Does this construction have to be correct as to the person's actual physical position?
If I am sitting and reading, and someone on the phone asks me what I am doing, might I say "jag står och läser" to mean "I am in the middle of reading"?
If my husband is in the other room reading, and my friend asks me over the telephone what he is doing, but I am not sure if said husband is sitting or laying down, which one would I use? Is it personal preference? Are they both correct?
Yes, it's only correct to say this if she's actually standing up. You can't say Jag står och läser if you were in fact sitting down while reading (or you could, but you would be lying :D )
For 2, you'd make an educated guess. Does he usually sit or lie down? It doesn't matter if your guess isn't correct. Since most people rarely stand up and read, you would never guess står och läser unless your husband really happens to be doing that a lot.
Thanks, Lundgren8. The argument in your reference is quite right of course. Things just are not said the same way in different languages. And that needs to be accepted. But it is also nice to try and convey the whole image. In this instance a similar sentence could be translated as: she just stood there crying, which would be quite acceptable English. Using a past tense make the construct more appropriate I believe. However, he present tense also works. Perhaps it needs the addition of -just- and -there-. An interesting consequence of your reference is that when going from English to Swedish: -he was crying- can become: -han grätt, han satt och grätt, han stod och grätt, han låg och grätt. Take your pick! Quite different images. One would have to use: -han grätt- (I think). How did the designers of this course take this into account.?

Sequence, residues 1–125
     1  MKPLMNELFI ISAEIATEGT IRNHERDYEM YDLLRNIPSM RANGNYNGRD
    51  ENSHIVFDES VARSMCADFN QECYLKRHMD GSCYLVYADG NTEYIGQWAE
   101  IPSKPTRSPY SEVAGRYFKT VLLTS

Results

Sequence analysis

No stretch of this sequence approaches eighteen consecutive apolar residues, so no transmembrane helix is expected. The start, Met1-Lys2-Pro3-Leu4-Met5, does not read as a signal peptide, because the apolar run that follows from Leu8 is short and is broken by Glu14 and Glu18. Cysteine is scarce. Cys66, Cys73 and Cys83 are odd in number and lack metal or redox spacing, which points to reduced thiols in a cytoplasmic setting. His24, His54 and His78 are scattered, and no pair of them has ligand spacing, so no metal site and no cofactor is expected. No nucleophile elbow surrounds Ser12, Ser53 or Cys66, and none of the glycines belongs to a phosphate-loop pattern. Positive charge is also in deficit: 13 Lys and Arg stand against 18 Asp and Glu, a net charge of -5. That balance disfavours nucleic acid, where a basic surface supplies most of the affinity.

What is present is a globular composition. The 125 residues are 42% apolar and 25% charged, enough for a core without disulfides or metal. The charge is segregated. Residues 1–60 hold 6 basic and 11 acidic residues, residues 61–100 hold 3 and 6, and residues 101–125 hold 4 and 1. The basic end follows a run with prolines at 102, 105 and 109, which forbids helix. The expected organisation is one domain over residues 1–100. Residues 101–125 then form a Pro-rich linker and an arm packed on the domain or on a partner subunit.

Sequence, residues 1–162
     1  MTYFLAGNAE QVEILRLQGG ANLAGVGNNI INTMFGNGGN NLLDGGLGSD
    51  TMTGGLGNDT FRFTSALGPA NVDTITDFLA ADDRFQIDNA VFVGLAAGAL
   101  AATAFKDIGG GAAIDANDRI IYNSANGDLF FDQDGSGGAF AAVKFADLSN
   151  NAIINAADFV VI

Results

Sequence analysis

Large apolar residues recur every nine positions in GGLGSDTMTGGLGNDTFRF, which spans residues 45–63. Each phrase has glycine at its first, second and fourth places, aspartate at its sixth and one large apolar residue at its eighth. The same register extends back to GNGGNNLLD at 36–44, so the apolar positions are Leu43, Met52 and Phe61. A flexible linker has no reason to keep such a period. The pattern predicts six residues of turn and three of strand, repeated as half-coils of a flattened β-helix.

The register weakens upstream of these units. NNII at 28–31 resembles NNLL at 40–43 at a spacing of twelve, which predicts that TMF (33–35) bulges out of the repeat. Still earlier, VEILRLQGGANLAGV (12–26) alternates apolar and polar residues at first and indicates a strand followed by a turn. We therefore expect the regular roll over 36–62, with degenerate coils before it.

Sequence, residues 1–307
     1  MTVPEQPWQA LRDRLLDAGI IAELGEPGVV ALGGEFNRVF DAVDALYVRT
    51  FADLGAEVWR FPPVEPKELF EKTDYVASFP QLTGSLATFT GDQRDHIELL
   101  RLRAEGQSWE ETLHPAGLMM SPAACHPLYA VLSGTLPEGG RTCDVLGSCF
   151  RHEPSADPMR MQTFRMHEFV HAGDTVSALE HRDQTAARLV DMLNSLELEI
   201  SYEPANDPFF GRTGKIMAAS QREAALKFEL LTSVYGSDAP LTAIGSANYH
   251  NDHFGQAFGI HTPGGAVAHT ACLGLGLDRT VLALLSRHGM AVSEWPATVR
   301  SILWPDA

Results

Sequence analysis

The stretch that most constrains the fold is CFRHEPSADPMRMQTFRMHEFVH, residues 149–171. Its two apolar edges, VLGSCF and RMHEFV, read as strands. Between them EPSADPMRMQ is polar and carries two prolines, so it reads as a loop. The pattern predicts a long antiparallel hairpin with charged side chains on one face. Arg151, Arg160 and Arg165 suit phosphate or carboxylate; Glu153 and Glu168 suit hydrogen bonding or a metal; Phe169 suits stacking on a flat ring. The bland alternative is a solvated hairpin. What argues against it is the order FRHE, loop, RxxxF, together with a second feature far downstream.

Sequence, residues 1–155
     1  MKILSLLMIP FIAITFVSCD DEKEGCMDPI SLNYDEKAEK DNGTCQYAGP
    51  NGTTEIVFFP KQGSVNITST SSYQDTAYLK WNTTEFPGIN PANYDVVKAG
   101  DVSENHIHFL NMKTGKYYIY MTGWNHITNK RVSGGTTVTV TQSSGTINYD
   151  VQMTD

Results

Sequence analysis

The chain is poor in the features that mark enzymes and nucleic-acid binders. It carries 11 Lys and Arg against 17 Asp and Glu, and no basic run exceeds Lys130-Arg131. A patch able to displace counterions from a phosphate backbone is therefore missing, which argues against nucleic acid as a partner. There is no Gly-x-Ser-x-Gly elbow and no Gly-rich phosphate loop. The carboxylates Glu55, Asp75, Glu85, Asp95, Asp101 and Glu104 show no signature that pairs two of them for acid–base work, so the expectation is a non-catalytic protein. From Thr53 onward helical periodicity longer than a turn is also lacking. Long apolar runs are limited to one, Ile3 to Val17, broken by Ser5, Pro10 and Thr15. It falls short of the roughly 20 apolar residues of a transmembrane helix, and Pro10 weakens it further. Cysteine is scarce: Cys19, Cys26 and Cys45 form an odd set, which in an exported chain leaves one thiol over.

I had to translate this sentence from English to Swedish, but I have no idea about the physical position of "she". Can I use any position I want? I mean, would it be correct "Hon står och gråter" and also correct "Hon ligger och gråter" and also correct "Hon sitter och gråter"? I admit I just used "Hon gråter" just to be sure, hahaha
Yes, exactly. The normal form is just hon gråter, but if you use [spatial verb] och, the meaning turns continuous instead. In other words:
- Hon gråter = She cries / She is crying
- Hon står/ligger/sitter och gråter = She is crying
Which spatial verb you use just depends on how she's physically situated.
That's actually a really good example of when it's appropriate. "Hey, where's Brian?" "Oh, he's just putting a shirt on, he'll be out in a minute." That kind of sense.
Do note that it's håller på att ta på sig rather than tar, since it's not the main verb and hence takes the infinitive.
Swedish doesn't have a continuous, so "she cries" and "she is crying" both translate to hon gråter. However, since there can be a need to express the continuous, Swedish has other ways of expressing this instead.
One such way is står/sitter/ligger och [verb]. It's simply a way of stating that she's currently crying. Just saying hon gråter may sound more like "she cries" when it should be "she is crying". The construction is very idiomatic and very common, and you absolutely need to know it for honestly any level of speaking the language.
The problem is that teaching this construction using Duolingo's system is very difficult. The default English translation is always used automatically for the reverse "translate into Swedish" exercise. Hence, if "She is crying" was used for the default translation, you'd never be asked to translate into the continuous forms, because Hon gråter is much better as a translation in isolation. But on the other hand, being asked to translate "She is standing and crying" is obviously ridiculous.
Those who built the course decided that ridiculous English is better than not teaching an important Swedish construction well, and I agree. It's just a shame that it showcases what's arguably Duolingo's largest shortcoming.